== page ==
*The 19-volume Corpus Schwenckfeldianorum is an exemplary edition of a religious leader’s life work. Hopefully we don’t have to wait as long for something similar on Joseph Smith–the CS wasn’t completed until 400 years after Schwenckfeld’s death.

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11 Responses to Caspar Schwenckfeld: Mormon Hero of the Reformation

  1. Wilfried on July 13, 2005 at 2:17 pm

    Fascinating and enlightening contribution, Jonathan. Thank you very much.

  2. Jonathan Green on July 13, 2005 at 5:05 pm

    Fascinating, enlightening, nourishing, tedious: it’s a slippery slope. Tomorrow’s post will return us to the twenty-first century, or at least to the late twentieth.

  3. john fowles on July 13, 2005 at 7:04 pm

    This is very good. I respect his notion of Stillstand and think that it really is the right course to steer out of a belief that “the sacraments are everywhere fallen.” Martin Luther also did not intend to found his own church either. He wanted to reform the Catholic Church and did not have problems with authority per se, but more with the corruption of ordinances, etc.

    I agree with you on the intolerance of Luther, Zwingli, and Calvin. One interesting aspect of the period is the capacity for Protestants to brutalize each other over doctrine, much less the antagonism between Catholics and Protestants.

  4. Dennis Read on July 14, 2005 at 9:32 am

    I worked for Richard Schweiker for 11 years. If being a Schwenckfelder contributed to who he was as a public servant and a human being, it has much to be admired. He was a classy guy in every way.

  5. Bill on July 14, 2005 at 1:11 pm

    Jonathan, thanks for all these great posts.

    About 150 years on, another figure who subscribed to a sort of version of Stillstand (although for a variety of different reasons) was the great Sir Isaac Newton. His disciple and successor in the Lucasian chair, William Whiston, who in 1711 published Primitive Christianity Revived, was frustrated by Newton’s reluctance to advocate for a reformation along the lines of his private theological views.

    “Indeed, Whiston relates that Newton had ‘a very sagacious Conjecture’ that the apostasy ‘must be put a stop to, and broken to Pieces by the prevalence of Infidelity, for some time, before Primitive Christianity could be restored’. Only after this ‘greatest decay of religion’ would there be ‘an universal preaching of the Gospel’. In case there could be any doubt as to the timing of this great event, Newton went on to affirm that ‘this is not yet fulfilled; there has been nothing done in ye world like it, & therefore it is to come’. No contemporary effort at reformation could pre-empt this plan any more than one could fight against God. Furthermore, the message would fall on deaf ears. A long period of corruption lay ahead.”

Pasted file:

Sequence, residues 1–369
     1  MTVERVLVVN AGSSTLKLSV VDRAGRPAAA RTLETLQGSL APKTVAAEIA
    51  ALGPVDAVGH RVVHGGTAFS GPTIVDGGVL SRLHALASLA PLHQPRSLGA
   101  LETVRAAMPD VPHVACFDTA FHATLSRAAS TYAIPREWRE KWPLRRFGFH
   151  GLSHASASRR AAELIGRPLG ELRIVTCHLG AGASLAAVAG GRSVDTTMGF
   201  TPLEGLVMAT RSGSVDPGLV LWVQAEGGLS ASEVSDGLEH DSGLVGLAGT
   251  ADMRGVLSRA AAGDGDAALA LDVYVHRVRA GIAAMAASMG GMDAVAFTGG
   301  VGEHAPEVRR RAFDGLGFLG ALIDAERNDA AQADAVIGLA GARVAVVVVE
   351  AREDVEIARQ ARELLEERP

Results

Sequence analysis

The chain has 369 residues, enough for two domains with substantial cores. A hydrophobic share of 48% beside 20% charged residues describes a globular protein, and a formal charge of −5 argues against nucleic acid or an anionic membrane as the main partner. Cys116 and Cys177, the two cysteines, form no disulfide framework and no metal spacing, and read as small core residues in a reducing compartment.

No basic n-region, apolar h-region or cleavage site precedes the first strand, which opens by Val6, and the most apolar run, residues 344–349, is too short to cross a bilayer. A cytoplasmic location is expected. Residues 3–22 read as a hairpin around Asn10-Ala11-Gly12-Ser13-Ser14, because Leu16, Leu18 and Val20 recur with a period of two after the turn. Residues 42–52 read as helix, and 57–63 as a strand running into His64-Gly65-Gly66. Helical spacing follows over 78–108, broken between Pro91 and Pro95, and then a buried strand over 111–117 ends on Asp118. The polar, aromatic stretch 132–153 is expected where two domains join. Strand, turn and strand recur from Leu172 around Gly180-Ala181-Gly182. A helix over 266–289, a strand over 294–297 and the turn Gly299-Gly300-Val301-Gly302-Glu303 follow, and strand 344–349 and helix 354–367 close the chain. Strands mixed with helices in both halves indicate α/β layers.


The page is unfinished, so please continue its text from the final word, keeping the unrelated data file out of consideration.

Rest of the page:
The preceding quote is from a fascinating article detailing Newton’s heterodox religious beliefs. Long, but worthwhile if you like this sort of thing:

    http://www.isaac-newton.org/heretic.pdf

    Newton was an anti-Trinitarian, influenced by Arianism and Socinianism and had good incentives to keep his ideas out of the public eye.

    Incidentally, after publishing his book, Whiston was thrown out of Cambridge, and years later, in the 1740s, he became an Anabaptist.

  6. Kevin Barney on July 14, 2005 at 4:16 pm

    Corpus Schwenckfeldianorum

    What a great title! I’d like a set of those on my bookshelves for that reason alone.

  7. Bryce I on July 14, 2005 at 4:20 pm

    Excellent work as usual, Jonathan. It’s fairly rare for me to see a word that I’ve never seen before, but “conventicles” is a new one.

  8. Jonathan Green on July 14, 2005 at 8:31 pm

    Dennis, thanks, I’m quite pleased to hear that.

    Bill, but wasn’t that just Newton’s cover story, so no one found out he was Grandmaster of the Priory of Sion? (Sorry, I’ll never get back the time wasted on that book, so I have to get what mileage I can out of it.)

    Kevin, I’d like a set too, but finding one for sale might be tricky, and the one I saw listed for around $1300.

    Bryce, unfortunately I forgot to work in ‘irenicism.’

  9. Jim F. on July 14, 2005 at 8:34 pm

    Jonathan: But “conventicles” is better because it is harder to guess at its meaning than it is to guess at the meaning of “irenicism.”

  10. Russell Arben Fox on July 14, 2005 at 9:58 pm

    “…I’ll never get back the time wasted on that book…”

    Hey, Jonathan, that was my line. I demand a source credit.

    For what it’s worth, the idea of “conventicles” being the proper public form for a chastened and humbled Christian worship to take was a constant in Lutheran pietist thought for centuries afterwards; Herder used that terminology often in his theological treatises, written in the late 18th century.

  11. Bill on July 15, 2005 at 1:35 am

    Some of William Byrd’s best music was composed for conventicles.